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CONCRETE

STAMPI NG
TODAY
A L OOK AT FOU R T R E NDS E ME RGI NG
F ROM OU R CHANGI NG I NDU S T RY
BY CHRI S SULLI VAN
P U B L I S HE D B Y
C o n c r e t e S t a m p i n g T o d a y • w w w . C o n c r e t e N e t w o r k . c o m •
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C.J. SALZANO
Salzano Custom Concrete
Centreville, Va.
CHRIS BECKER
Becker Architectural Concrete
Minneapolis. Minn.
TOM RALSTON
Tom Ralston Concrete
Santa Cruz, Calif.
BRAD WALKER
Lone Star Concrete Systems
Watauga, Texas
BOB HARRIS
Decorative Concrete Institute
Temple, Ga.
TERRY GRIMBLE
Bomanite Company
Denver, Colo.
ABOUT THE AUTHOR
CHRIS SULLIVAN is a technical expert and
columnist for ConcreteNetwork. com who
regularly contributes insightful articles
about the decorative concrete industry
and answers troubleshooting questions
related to stamped concrete and other
applications. He serves as vice president
of sales and marketing for ChemSystems
Inc., a Houston-based manufacturer of
architectural concrete products.
CONT R I B U T OR S
TAB L E OF CONT E NT S
Introduction 03
Trend 1: Hand tooling and unique color effects 04
Trend 2: Customizing with accessory tools and larger patterns 06
Trend 3: Matte-finish sealers 08
Trend 4: Strategies for staying profitable 09
Conclusion/Resources 12
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A CHANGING INDUSTRY
After more than 50 years of colorful history, stamped concrete remains the backbone
of the decorative concrete industry and a staple product offering for many contractors.
Along with the positive changes that have molded the industry as we know it today,
the problems and struggles the industry faces have changed as well. The pressure
of maintaining profits is more difficult than ever, as selling prices have eroded and
raw material prices continue to rise. At the same time, the demand for quality and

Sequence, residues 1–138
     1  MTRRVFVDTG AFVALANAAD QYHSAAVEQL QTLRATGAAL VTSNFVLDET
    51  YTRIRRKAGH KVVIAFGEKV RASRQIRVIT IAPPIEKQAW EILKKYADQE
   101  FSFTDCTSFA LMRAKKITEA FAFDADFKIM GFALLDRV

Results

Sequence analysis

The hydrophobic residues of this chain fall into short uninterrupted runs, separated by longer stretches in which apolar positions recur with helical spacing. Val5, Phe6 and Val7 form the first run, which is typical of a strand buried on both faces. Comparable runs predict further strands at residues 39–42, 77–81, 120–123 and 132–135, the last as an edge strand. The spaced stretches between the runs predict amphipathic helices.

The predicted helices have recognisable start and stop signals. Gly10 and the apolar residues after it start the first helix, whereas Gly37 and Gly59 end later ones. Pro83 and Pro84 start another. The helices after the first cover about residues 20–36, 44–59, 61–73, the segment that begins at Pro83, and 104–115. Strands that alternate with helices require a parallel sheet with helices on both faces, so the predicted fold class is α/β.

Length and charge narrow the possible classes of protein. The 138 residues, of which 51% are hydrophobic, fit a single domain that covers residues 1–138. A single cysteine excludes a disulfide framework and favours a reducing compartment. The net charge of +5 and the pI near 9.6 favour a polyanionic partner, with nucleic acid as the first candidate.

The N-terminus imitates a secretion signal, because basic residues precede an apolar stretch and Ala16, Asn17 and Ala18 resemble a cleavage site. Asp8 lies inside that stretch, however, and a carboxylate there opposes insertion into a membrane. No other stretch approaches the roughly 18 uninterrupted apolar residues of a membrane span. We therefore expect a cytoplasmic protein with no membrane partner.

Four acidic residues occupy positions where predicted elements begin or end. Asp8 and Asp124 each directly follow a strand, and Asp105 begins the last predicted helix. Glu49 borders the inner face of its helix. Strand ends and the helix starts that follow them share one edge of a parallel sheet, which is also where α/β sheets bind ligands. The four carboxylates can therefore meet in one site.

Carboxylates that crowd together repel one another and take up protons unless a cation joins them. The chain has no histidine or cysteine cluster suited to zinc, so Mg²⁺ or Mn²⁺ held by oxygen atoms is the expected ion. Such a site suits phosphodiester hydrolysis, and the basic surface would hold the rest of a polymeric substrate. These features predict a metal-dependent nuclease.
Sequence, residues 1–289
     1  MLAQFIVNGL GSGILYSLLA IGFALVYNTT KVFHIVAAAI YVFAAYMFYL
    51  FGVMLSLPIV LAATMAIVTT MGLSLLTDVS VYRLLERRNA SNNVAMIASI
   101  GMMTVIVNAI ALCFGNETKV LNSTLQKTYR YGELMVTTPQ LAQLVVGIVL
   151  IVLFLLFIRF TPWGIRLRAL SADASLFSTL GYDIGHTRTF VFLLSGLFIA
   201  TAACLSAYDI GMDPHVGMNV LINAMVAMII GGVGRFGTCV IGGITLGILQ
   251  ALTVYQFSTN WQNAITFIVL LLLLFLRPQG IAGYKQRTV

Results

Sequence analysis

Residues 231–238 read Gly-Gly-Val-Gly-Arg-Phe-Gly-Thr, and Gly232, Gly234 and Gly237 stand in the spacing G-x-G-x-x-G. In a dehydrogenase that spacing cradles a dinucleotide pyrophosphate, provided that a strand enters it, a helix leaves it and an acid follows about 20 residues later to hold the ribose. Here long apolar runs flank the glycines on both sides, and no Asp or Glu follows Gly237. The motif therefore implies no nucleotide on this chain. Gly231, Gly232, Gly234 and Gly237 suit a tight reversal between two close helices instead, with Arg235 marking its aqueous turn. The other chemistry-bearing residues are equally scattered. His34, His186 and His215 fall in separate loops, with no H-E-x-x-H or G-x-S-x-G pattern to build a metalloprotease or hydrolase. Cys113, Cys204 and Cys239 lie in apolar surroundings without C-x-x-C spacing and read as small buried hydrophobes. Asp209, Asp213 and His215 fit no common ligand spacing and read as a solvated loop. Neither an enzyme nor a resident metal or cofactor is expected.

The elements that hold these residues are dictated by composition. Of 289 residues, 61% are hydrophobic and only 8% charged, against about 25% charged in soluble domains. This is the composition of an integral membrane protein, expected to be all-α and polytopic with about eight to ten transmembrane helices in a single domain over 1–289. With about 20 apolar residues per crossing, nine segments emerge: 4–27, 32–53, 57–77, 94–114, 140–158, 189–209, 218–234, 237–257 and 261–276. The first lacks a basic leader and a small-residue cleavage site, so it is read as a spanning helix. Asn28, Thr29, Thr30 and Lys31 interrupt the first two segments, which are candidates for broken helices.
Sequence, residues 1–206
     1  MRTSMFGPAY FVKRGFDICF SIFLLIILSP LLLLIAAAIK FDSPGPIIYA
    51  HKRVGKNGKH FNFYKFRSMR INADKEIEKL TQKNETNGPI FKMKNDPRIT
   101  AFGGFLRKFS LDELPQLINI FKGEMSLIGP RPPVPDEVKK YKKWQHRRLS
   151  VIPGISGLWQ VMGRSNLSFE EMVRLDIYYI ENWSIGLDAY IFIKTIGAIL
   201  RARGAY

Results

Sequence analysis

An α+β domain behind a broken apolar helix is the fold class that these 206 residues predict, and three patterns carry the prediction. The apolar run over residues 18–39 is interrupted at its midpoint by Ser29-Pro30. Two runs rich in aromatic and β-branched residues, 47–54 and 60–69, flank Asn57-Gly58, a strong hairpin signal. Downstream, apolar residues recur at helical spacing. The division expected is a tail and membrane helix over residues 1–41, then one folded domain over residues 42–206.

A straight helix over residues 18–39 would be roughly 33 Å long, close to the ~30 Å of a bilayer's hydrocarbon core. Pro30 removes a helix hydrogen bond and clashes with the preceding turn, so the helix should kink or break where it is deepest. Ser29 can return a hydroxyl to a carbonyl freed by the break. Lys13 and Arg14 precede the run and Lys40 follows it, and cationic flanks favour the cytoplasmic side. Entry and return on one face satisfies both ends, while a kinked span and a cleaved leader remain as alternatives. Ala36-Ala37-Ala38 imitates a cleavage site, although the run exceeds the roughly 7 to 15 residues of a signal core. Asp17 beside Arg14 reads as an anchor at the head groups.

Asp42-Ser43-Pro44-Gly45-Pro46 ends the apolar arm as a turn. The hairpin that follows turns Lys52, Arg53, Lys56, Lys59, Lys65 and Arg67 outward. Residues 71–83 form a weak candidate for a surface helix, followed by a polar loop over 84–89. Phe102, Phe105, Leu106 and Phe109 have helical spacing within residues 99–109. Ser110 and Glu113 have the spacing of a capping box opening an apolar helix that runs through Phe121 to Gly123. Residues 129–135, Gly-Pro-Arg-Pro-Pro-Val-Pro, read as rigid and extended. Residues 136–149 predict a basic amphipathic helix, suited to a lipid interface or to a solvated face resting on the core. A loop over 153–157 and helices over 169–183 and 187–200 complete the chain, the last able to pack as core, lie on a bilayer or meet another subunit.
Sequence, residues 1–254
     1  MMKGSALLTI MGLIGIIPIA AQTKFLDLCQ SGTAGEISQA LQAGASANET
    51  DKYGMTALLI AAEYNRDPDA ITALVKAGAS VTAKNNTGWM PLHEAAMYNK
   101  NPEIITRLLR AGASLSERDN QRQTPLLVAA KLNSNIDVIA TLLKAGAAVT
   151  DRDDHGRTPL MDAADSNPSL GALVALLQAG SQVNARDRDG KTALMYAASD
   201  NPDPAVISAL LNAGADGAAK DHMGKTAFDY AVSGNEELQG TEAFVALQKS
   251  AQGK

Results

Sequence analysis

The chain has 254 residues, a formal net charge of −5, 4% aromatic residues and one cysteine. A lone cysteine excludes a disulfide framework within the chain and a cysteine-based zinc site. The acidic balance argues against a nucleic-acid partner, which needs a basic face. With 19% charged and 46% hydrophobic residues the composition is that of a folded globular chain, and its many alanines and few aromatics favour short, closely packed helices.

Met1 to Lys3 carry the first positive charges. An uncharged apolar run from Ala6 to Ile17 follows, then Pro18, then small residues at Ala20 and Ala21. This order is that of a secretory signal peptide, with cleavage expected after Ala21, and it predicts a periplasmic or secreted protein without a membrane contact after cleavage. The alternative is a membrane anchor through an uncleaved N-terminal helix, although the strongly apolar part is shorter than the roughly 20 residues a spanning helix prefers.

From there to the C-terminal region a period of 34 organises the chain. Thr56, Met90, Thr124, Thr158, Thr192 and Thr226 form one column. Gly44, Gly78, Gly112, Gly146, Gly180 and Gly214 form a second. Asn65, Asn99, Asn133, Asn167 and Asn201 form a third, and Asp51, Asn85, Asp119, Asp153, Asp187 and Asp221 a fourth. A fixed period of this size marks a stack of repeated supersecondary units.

innovation increases, as the stamped concrete market faces strong competition from
other materials, such as precast pavers and natural stone.
Today, stamped concrete installers must be able to run a business as well as they
imprint concrete. Those that educate and reinvent themselves and hold steady in
regard to pricing and product quality will be in a strong position when the market
rebounds.
In an effort to gain insight into a complex and changing industry, I talked with
several veteran stamped concrete installers from different areas of the country (see
list of contributors on page 2). Their experiences and advice in regards to the current
trends will help you respond appropriately to price pressure, differentiate your
company’s work and equip yourself for success in today’s market.
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HAND TOOLI NG AND
UNI QUE COLOR EFFECTS
T R E ND:
“We use the same seamless texture skin we have
been using for eight years to achieve a base pat tern,
and then we sawcut the design we want and come
back and post- col or using our own col or wash system.”
— CHRIS BECKER
For the most part, what was popular 20 years ago in the stamped concrete industry is still
popular today, but with a twist. “It’s all about custom and different,” says Terry Grimble,
director of technical services for Bomanite Company, Denver, Colo. Contractors are taking
existing stamp patterns and coloring systems and adding their own creative touches to
create looks that are all their own. For the installer, it becomes less about a new product
and more about taking what he or she already has and using that to create something
unique and appealing to the customer.
HAND TOOLING
One way to accomplish a custom look is to use existing large pattern stamps or seamless
texture skins and hand tool custom joints or patterns. This requires time and craftsmanship,
but can produce an amazing custom look that is not easily reproducible.
CREATIVE
CUSTOMIZATION
IDEAS

Combining different concrete finishes,
such as integrally colored exposed
aggregate or a sponge float finish, can
help take a stamp concrete project over
the top,

says Bob Harris.

We mix multiple store-bought
seamless textures and even some of
our own custom textures to achieve a
unique look. We try to add our own
personal touch on every job,

says
Tom Ralston.